In my Latin American art class this semester (Spring 2020), I’ve created a few new in-class activities that have worked really well. One of the best has been a curatorial acquisition activity. As of late, when creating activities for a flipped classroom environment, I’ve wanted more “real world” examples for art history students. [Side note: This has been HARD!] I wanted to give students a little taste of what some careers might do or use as they learned about specific content. Thus was born my curatorial acquisition activity.
In some ways, the activity is closely related to the (in)famous “unknown” essay that art historians love to give to students on exams. For this particular activity, students read a number of essays about secular art in the Spanish and Portuguese Americas.
Here are the “basics” reading they completed
- Dr. Ananda Cohen-Aponte, “Portrait Painting in the Viceroyalty of Peru,” https://smarthistory.org/portrait-painting-viceroyalty-peru/.
- Video: Dr. Lauren Kilroy-Ewbank and Dr. Beth Harris, “Crowned Nun Portrait of Sor María de Guadalupe,” https://smarthistory.org/crowned-nun-portrait/.
Other types of secular art:
- Dr. Rachel Zimmerman, “Albert Eckhout, Series of eight figures,” https://smarthistory.org/eckhout-series/.
- Video: Dr. Lauren Kilroy-Ewbank and Dr. Steven Zucker, “Screen with the Siege of Belgrade and Hunting Scene (or Brooklyn Biombo),” https://smarthistory.org/screen-with-the-siege-of-belgrade-and-hunting-scene-or-brooklyn-biombo/.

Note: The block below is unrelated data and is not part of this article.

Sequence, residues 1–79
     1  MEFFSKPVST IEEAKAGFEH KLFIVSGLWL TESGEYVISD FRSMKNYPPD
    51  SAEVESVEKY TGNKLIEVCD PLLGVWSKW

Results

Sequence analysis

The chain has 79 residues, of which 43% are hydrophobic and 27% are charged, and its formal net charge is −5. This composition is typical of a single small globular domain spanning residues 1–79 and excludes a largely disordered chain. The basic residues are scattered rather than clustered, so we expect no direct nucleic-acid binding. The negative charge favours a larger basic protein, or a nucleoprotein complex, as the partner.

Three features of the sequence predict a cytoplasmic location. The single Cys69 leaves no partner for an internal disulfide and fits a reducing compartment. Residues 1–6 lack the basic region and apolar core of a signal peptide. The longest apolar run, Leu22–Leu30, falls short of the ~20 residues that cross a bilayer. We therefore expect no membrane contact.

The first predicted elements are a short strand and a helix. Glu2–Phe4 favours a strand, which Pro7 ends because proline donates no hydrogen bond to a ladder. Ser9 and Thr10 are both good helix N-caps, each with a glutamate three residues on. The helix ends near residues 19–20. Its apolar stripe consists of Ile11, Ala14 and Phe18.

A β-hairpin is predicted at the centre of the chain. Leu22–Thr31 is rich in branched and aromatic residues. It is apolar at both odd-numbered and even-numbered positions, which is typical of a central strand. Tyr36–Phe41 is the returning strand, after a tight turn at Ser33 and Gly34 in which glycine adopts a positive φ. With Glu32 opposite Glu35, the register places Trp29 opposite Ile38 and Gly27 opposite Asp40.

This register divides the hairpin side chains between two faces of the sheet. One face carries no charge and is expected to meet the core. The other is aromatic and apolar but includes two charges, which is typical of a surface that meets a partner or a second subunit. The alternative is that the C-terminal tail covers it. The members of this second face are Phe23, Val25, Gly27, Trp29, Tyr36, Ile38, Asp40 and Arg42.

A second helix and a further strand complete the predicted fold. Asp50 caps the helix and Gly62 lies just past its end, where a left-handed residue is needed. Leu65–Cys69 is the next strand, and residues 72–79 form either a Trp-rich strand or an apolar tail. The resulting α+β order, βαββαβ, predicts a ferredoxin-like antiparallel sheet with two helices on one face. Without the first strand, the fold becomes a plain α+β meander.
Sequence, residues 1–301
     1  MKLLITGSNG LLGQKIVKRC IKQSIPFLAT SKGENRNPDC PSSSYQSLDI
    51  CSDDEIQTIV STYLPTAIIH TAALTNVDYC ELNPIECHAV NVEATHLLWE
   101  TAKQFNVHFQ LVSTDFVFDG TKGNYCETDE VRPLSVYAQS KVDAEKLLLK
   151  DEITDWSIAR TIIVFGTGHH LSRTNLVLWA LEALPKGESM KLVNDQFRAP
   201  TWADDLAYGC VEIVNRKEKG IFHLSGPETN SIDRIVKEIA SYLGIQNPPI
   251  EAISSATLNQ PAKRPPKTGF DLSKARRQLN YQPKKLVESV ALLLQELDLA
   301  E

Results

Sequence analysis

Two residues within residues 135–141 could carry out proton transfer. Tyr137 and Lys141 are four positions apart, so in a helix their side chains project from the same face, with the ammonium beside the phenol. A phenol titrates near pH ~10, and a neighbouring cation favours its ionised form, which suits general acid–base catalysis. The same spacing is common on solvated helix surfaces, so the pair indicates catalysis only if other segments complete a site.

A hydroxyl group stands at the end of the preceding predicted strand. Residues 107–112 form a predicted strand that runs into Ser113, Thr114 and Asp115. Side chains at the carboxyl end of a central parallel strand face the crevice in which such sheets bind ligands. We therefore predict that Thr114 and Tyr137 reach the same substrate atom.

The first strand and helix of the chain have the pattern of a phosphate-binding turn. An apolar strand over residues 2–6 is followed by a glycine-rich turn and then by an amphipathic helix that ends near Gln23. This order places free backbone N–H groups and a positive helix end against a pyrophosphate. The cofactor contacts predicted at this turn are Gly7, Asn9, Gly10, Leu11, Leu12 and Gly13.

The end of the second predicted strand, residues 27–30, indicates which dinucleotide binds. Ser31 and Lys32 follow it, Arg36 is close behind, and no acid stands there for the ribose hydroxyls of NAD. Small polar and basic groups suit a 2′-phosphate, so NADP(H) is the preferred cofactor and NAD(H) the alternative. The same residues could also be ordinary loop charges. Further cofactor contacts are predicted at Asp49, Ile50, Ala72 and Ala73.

- Dr. Lauren Kilroy-Ewbank, “Spaniard and Indian Produce a Mestizo, attributed to Juan Rodriguez Juárez,” https://smarthistory.org/spaniard-and-indian-produce-a-mestizo-attributed-to-juan-rodriguez/.
- Check out Chicana artist Delilah Montoya’s “Casta Project”
- Dr. Rachel Zimmerman, “Mestre Valentim, Passeio Publico, Rio de Janeiro,” https://smarthistory.org/valentim-passeio-publico/.
I also had a student complete a student-led discussion of “Miguel Cabrera, Portrait of Sor Juana Inés de la Cruz,” (more info here) https://smarthistory.org/cabrera-portrait-of-sor-juana-ines-de-la-cruz/. (More on student-led teaching ideas to come!)
They had a variety of great basic readings, so how could I put this into practice? For an hour of class time, I had the students complete the following assignment:
You’ve read a number of essays that cover all the basics of secular art in the Americas: folding screens, portraiture, and other elite goods. The basic essays also identify important themes and mechanisms by which secular art circulated or even came into being. Rather than me simply re-lecturing on this material, I am asking you all to engage in an activity that asks you to use your knowledge of what you learned in the readings and videos. Here is the activity for today. It is based on a real-world scenario about curatorial responsibility and acquisitions. Curators actually do this.